Vote on possible bargain could come as early as Sunday
WASHINGTON – The end game at hand, the White House and Senate leaders made a final stab at compromise Friday night to prevent middle-class tax increases from taking effect at the turn of the new year and possibly block sweeping spending cuts as well.
“I’m optimistic we may still be able to reach an agreement that can pass both houses in time,” President Barack Obama said at the White House after meeting for more than an hour with top lawmakers from the House and Senate.
Surprisingly, after weeks of postelection gridlock, Senate leaders sounded even more bullish.
The Republican leader, Sen. Mitch McConnell of Kentucky, said he was “hopeful and optimistic” of a deal that could be presented to rank-and-file lawmakers as early as Sunday, a little more than 24 hours before the year-end deadline.
Said Majority Leader Harry Reid: “I’m going to do everything I can” to prevent the tax increases and spending cuts that threaten to send the economy into recession. He cautioned, “Whatever we come up with is going to be imperfect.”
House Speaker John Boehner, a Republican who has struggled recently with anti-tax rebels inside his own party, said through an aide he would await the results of the talks between the Senate and White House.
Under a timetable sketched by congressional aides, any agreement would first go to the Senate for a vote. The House would then be asked to assent, possibly as late as Jan. 2, the final full day before a new Congress takes office.
Officials said there was a general understanding that any agreement would block scheduled income tax increases for middle-class earners while letting rates rise at upper income levels.
Democrats said Obama was sticking to his campaign call for increases above $250,000 in annual income, even though in recent negotiations he said he could accept $400,000.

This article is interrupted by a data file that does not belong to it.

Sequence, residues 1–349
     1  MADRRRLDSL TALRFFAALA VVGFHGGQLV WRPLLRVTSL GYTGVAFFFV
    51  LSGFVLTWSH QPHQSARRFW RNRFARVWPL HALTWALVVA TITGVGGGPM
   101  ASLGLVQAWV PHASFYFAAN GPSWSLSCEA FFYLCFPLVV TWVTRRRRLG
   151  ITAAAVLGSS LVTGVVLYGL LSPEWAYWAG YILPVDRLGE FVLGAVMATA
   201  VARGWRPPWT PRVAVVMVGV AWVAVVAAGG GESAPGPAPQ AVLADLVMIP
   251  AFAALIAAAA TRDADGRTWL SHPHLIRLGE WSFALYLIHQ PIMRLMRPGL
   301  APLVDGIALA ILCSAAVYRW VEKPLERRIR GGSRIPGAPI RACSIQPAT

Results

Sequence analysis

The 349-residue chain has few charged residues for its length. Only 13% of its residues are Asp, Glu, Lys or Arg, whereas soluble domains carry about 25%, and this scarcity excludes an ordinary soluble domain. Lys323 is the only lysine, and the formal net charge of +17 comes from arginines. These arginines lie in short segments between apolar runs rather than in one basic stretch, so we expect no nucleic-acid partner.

The two sides also confronted a divide over estate taxes.
Obama favors a higher tax than is currently in effect, but one senior Republican, Sen. Jon Kyl of Arizona, said he’s “totally dead set” against it. Speaking of fellow GOP lawmakers, he said they harbor more opposition to an increase in the estate tax than to letting taxes on income and investments rise at upper levels.
Also likely to be included in the negotiations are taxes on dividends and capital gains, both of which are scheduled to rise with the new year. Also the alternative minimum tax, which, if left unchanged, could hit an estimated 28 million households for the first time with an average increase of more than $3,000.
In addition, Obama and Democrats want to prevent the expiration of unemployment benefits for about 2 million long-term jobless men and women, and there is widespread sentiment in both parties to shelter doctors from a 27 percent cut in Medicare fees.
The White House has shown increased concern about a possible doubling of milk prices if a farm bill is not passed in the next few days, although it is not clear whether that issue, too, might be included in the talks.
One Republican who was briefed on the White House meeting said Boehner made it clear he would leave in place spending cuts scheduled to take effect unless alternative savings were included in any compromise to offset them. If he prevails, that would defer politically difficult decisions on curtailing government benefit programs like Medicare until 2013.
Success was far from guaranteed in an atmosphere of political mistrust – even on a slimmed-down deal that postponed hard decisions about spending cuts into 2013 – in a Capitol where lawmakers grumbled about the likelihood of spending the new year holiday working.